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  24.  64
    Liberalism, Communitarianism, and Asocialism.Andrew J. Cohen - 2000 - Journal of Value Inquiry 34 (2/3):249-261.
    In this paper I look at three versions of the charge that liberalism’s emphasis on individuals is detrimental to community—that it encourages a pernicious disregard of others by fostering a particular understanding of the individual and the relation she has with her society. According to that understanding, individuals are fundamentally independent entities who only enter into relations by choice and society is seen as nothing more than a venture voluntarily entered into in order to better oneself. Communitarian critics argue that (...)
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  25.  17
    Introduction.Andrew I. Cohen - 2017 - Ethics 128 (1):69-74.
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  26.  33
    Vicarious Apologies as Moral Repair.Andrew I. Cohen - 2017 - Ratio 30 (3):359-373.
    Apologies are key components of moral repair. They can identify a wrong, express regret, and accept culpability for some transgression. Apologies can vindicate a victim's value as someone who was due different treatment. This paper explores whether acts with vicarious elements may serve as apologies. I offer a functionalist account of apologies: acts are apologies not so much by having correct ingredients but by serving certain apologetic functions. Those functions can be realized in multiple ways. Whether the offenders are individuals (...)
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  27.  86
    On Universalism: Communitarians, Rorty, and (“Objectivist”) “Liberal Metaphysicians”.Andrew Jason Cohen - 2000 - Southern Journal of Philosophy 38 (1):39-75.
    It is often claimed that liberalism is falsely and perniciously universalist. I take this charge seriously, exploring three positions: the communitarians’, Rorty’s, and that of “comprehensive” liberalism. After explaining why universalism is thought impossible, I examine the communitarian view that value is determined within communities and argue that it results in a form of relativism that is unacceptable. I next discuss Richard Rorty’s liberal acceptance of “conventionalism” and explain how, despite his rejection of universalism, Rorty remains a liberal. I then (...)
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  28.  84
    Existentialist Voluntarism as a Source of Normativity.Andrew Jason Cohen - 2008 - Philosophical Papers 37 (1):89-129.
    I defend a neo-Kantian view wherein we are capable of being completely autonomous and impartial and argue that this ability can ground normativity. As this view includes an existentialist conception of the self, I defend radical choice, a primary component of that conception, against arguments many take to be definitive. I call the ability to use radical choice “existentialist voluntarism” and bring it into a current debate in normative philosophy, arguing that it allows that we can be distanced from all (...)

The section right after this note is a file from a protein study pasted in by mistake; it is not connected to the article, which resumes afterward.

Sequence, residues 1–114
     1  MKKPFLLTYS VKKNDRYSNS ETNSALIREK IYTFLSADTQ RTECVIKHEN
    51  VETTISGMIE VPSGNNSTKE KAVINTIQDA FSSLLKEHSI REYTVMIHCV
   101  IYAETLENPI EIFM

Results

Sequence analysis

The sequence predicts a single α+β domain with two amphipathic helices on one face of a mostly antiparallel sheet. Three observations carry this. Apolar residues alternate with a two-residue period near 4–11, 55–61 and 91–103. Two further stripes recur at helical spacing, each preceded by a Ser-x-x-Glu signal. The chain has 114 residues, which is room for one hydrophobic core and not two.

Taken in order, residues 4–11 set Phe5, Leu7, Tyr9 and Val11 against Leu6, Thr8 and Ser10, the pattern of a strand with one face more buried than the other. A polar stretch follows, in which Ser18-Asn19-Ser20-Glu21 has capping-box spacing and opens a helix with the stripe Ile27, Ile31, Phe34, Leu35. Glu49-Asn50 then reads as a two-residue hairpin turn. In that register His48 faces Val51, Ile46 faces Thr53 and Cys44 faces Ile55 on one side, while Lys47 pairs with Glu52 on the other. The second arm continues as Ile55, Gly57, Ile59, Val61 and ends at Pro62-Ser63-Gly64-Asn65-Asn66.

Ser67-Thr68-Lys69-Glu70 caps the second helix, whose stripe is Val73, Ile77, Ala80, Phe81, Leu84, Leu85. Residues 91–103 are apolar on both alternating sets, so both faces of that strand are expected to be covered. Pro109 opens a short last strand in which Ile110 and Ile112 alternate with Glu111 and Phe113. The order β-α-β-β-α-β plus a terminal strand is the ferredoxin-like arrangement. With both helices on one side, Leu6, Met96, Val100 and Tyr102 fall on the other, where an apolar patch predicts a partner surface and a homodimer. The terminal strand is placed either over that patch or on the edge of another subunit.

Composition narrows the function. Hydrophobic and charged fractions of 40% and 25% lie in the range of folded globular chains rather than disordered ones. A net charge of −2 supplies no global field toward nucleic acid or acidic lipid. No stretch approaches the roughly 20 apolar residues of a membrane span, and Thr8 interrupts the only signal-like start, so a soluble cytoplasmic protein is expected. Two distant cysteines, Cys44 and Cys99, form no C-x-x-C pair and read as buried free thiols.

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  29.  7
    Reversing the Similarity Effect: The Effect of Presentation Format.Andrea M. Cataldo & Andrew L. Cohen - 2018 - Cognition 175:141-156.
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  30.  32
    Conflicts Over Control and Use of Medical Records at the New York Hospital Before the Standardization Movement.Eugenia L. Siegler & Andrew B. Cohen - 2011 - Journal of Law, Medicine and Ethics 39 (4):640-648.
    Historians of medicine generally credit the hospital standardization movement of the early 20th century with establishing the record as a sign of hospital and staff quality. The medical record's role had already been the subject of intense interest at the New York Hospital several decades before, however. In the 1880s malpractice and insurance concerns caused the administration to attempt to supervise record creation, quality, and access, over the objections of physicians. Contemporary concerns about the uses of the medical record were (...)
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  31.  83
    Dependent Relationships and the Moral Standing of Nonhuman Animals.Andrew I. Cohen - 2008 - Ethics and the Environment 13 (2):pp. 1-21.
    This essay explores whether dependent relationships might justify extending direct moral consideration to nonhuman animals. After setting out a formal conception of moral standing as relational, scalar, and unilateral, I consider whether and how an appeal to dependencies might be the basis for an animal’s moral standing. If dependencies generate reasons for extending direct moral consideration, such reasons will admit of significant variations in scope and stringency.
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  32.  73
    In Defense of Nietzschean Genealogy.Andrew Jason Cohen - 1999 - Philosophical Forum 30 (4):269–288.
    Using Alasdair MacIntyre as a foil, I defend what I take to be a viable Nietzschean genealogical account, showing that a proper perspectivism is neither perniciously subjectivist nor absolutist. I begin by arguing against MacIntyre’s assertion that genealogists are committed to the view that rationality requires neutrality and that as there is no neutrality, there is no rationality. I then continue by offering something of a reconstruction of Nietzsche’s view, designed partly to clarify the error pinpointed in MacIntyre’s arguments, but (...)